It usually takes a couple of years to see the impact of a draft class on an organization. And it is rare to see a class impact the system right away, as most pitchers are on strict pitch counts and inning limits after having already pitched a season in the spring. However, hitters have no limits. And they can often come in energize an organization and its affiliates immediately.
In 2018, the Cubs signed 32 of their 42 draft picks and also added three non-drafted free agents. All 35 have been assigned to an affiliate and have begun to play. Unfortunately, some were injured while other draft picks are shining in their new profession in just a brief amount of time.
Nico – Like a one-named rock star, Nico Hoerner came into the system and his play quickly turned heads. He showed the ability in just a couple of weeks to put the bat on the ball, along with some power potential. Nico also displayed a mature defensive profile. The first game I saw him in person was the game in which he was injured at South Bend. However, before he got to South Bend, Hoerner played at Eugene for a week and showed on MiLB.TV that he is a bit more physically impressive than most people first thought at 6’1″ and a sculpted 200 lbs. In just 14 games, he went .327/.450/.571 with an OPS of 1.021. That’s not too shabby for two weeks worth of work.
Nico’s regular season pretty much ended on one play while diving for a ball. He did stay in the game and hit a home run later, but that was it for him. When I saw him on Wednesday three days later in Davenport, he did not even take BP. He was placed on the DL and declared out for the season by the end of Thursday. He should be back in plenty of time for fall instructs and might be ready for the last week of the season. Then again, I don’t think the Cubs are going to rush him. Then, in Arizona this fall, Hoerner can work on incorporating more of his lower half to increase his power.
Cole Roederer – Heading into Tuesday night, he had played in only 13 games. Still, in that short span, Roederer has dazzled many with his play on both offense and defense in the Arizona Rookie League. Baseball America’s Bill Mitchell was impressed by Roederer’s defensive talents. At the plate, Roederer has been filling up the box score as he gets on more than 50 percent of the time, and he’s hit three home runs so far. His OPS is a dynamic 1.211.
Roederer’s play has fans thinking he should go to Eugene even after a small sample size. It’s an intriguing idea, but Cole might be best suited to play out 2018 in Mesa and possibly begin next year at South Bend, depending on how the spring goes in Mesa.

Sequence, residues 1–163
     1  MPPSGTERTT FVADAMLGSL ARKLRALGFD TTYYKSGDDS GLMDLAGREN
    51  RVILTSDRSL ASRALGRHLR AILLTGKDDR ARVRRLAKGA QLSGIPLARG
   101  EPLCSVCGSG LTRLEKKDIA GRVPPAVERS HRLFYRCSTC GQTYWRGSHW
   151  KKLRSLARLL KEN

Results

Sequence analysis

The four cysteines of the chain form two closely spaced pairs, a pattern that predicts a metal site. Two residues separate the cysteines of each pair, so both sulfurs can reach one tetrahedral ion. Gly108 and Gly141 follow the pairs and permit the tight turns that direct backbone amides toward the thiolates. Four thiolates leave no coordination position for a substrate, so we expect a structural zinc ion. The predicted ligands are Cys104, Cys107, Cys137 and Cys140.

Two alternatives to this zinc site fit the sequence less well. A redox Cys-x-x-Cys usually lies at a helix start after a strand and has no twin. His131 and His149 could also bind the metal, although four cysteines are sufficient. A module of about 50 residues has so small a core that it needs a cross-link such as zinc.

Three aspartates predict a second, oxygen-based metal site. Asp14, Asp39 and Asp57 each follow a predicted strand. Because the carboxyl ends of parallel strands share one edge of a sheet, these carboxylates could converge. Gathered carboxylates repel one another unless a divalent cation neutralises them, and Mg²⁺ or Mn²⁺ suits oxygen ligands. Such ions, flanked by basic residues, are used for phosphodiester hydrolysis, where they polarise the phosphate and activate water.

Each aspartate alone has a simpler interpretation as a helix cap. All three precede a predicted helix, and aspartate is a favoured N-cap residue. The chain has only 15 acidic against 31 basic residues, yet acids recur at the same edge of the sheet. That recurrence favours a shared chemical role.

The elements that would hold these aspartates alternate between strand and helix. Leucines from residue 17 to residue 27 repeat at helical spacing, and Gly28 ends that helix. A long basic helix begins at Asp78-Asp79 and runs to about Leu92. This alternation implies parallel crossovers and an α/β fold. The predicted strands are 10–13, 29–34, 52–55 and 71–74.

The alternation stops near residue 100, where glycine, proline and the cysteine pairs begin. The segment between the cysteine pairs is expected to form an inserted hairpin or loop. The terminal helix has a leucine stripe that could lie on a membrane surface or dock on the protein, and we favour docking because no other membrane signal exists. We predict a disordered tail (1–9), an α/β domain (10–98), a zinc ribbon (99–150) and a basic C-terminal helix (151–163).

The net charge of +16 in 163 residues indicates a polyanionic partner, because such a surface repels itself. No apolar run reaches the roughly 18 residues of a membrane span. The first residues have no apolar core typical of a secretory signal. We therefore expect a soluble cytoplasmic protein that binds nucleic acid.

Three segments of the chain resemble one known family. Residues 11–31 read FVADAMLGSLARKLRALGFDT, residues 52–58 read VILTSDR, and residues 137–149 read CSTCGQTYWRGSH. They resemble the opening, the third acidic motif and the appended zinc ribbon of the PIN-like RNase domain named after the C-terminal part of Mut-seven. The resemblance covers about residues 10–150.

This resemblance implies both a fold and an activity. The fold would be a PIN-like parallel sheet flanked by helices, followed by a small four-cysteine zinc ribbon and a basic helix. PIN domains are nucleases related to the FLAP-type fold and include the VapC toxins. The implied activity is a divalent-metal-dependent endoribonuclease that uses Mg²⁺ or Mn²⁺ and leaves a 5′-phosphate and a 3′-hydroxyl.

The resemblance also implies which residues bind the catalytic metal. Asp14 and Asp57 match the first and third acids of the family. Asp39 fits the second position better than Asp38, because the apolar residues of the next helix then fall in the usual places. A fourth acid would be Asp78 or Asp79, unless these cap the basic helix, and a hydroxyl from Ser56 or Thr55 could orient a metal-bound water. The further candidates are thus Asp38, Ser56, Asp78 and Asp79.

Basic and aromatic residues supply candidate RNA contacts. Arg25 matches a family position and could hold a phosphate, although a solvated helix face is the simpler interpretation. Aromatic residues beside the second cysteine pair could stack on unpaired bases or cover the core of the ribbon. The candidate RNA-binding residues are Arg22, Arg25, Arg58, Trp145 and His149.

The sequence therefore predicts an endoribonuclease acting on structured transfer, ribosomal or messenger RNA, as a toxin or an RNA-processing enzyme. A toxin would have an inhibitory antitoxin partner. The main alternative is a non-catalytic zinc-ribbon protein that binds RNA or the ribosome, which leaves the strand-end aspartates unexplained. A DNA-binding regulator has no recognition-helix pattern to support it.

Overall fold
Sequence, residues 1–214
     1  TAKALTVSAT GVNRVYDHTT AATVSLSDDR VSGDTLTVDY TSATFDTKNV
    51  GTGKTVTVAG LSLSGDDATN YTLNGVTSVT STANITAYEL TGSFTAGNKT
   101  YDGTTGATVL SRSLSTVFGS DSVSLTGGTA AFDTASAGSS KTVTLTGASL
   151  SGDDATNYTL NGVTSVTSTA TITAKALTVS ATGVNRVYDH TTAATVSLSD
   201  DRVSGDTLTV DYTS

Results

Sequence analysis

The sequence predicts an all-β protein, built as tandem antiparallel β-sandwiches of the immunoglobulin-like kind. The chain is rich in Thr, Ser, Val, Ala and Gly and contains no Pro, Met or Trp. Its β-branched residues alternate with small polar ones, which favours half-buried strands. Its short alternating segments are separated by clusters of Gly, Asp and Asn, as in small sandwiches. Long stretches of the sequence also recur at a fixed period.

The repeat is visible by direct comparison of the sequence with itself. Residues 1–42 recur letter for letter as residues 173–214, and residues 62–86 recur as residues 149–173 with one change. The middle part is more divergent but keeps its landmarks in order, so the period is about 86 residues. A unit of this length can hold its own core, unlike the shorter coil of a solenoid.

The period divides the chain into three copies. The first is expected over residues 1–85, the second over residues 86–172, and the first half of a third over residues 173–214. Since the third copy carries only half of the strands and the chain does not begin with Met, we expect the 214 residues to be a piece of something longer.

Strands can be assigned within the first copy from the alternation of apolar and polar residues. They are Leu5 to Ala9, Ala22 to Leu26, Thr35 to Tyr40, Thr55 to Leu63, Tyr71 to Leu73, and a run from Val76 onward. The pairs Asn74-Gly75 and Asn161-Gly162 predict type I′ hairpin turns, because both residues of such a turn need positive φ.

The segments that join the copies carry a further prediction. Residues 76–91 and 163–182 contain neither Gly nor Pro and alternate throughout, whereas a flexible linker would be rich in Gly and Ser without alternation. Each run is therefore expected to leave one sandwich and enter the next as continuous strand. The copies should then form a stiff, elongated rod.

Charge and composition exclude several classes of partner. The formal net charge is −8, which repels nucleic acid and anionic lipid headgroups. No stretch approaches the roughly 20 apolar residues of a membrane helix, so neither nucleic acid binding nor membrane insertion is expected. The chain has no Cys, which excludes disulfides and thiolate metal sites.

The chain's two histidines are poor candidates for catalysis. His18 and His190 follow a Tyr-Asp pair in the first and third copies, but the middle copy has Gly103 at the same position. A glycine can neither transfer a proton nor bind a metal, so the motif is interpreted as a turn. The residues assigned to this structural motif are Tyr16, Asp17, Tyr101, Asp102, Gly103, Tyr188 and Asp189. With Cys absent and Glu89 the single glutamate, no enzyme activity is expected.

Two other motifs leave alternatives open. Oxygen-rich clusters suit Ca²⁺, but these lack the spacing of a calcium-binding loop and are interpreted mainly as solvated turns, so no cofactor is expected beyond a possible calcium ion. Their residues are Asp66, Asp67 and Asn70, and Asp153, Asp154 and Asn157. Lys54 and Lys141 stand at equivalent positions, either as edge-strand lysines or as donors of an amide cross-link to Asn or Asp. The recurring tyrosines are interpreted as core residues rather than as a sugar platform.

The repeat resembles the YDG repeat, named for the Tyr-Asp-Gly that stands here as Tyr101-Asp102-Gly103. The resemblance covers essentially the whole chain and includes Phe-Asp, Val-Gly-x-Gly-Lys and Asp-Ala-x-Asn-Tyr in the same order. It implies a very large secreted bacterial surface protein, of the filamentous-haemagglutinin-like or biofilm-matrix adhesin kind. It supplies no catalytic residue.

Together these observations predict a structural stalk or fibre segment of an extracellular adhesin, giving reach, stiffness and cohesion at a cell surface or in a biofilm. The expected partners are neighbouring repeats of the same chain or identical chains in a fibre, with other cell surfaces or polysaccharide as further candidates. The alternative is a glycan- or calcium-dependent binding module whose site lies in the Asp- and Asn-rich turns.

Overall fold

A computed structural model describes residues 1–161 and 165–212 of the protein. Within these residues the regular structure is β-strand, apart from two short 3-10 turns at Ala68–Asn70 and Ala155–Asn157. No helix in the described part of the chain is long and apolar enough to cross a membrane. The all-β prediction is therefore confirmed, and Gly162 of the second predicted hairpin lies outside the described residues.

Clayton Daniel – A 31st round pick out of Jacksonville State, Daniel is already on his third level of the system in the past two weeks. He dominated the Arizona Rookie League at the plate, hitting .370, and then he made short work of Eugene in just seven games. He arrived last Wednesday in Davenport to play for South Bend. Over the next six games, I watched Daniel show excellent bat-to-ball skills as he has sprayed the ball all over the Quad Cities and Kane County. He can easily execute the hit-and-run in classic fashion, as he did on Sunday hitting into the vacated hole raising his average to a stellar .417 at that point. With an impressive hitting floor, he also comes across as one of the more mature players in the system.
Starting to Show Glimpses
While many on Twitter were excited the Cubs selected college on-base machine Luke Reynolds from Southern Mississippi, Reynolds got off to a rough start in Mesa. Once he was promoted to Eugene, though, Reynolds started to take off, hitting almost .400 in his first week of short season ball. His defense still needs some work, but the bat is special as is his approach at the plate. He might even find his way to South Bend in the next few weeks based on his advanced hitting pedigree.
Wait and See
The Cubs drafted mostly position players in this draft, but they still took a fair share of pitchers. Most of them are at Eugene, while a few still remain in Mesa. Derek Casey, out of the University of Virginia, is a favorite of mine to watch. His over-the-top delivery makes it hard for hitters to square him up. Combined with his experience in the ACC, he should take off without any shackles or inning limits in 2018.
Second round pick Brennen Davis played in two games before he was injured and spent three weeks on the shelf with the leg issue. He started back playing this past weekend. When I sat down to write to this article, his on-base percentage of almost .500 is very impressive for an 18-year-old kid who, ironically, was also injured most of the spring. Then again, he’s only played in six games.
It’s Only Been a Month…
In just a short month of time, several picks have already come into the system and brought some excitement. In the last two draft classes, position players were an afterthought to drafting pitching. Not this year. Hoerner, Roederer, and Davis will likely be ranked in the top 20 of any Cubs’ prospect list, with Hoerner near the top. That’s a lot of juice for one draft. It won’t rebuild the system, but it is a start. It will be even more exciting next year to see all of them in their first full season of pro ball at Eugene, South Bend, Myrtle Beach, and if all goes well, maybe even Tennessee.
Lead photo of Nico Hoerner courtesy of Todd Johnson.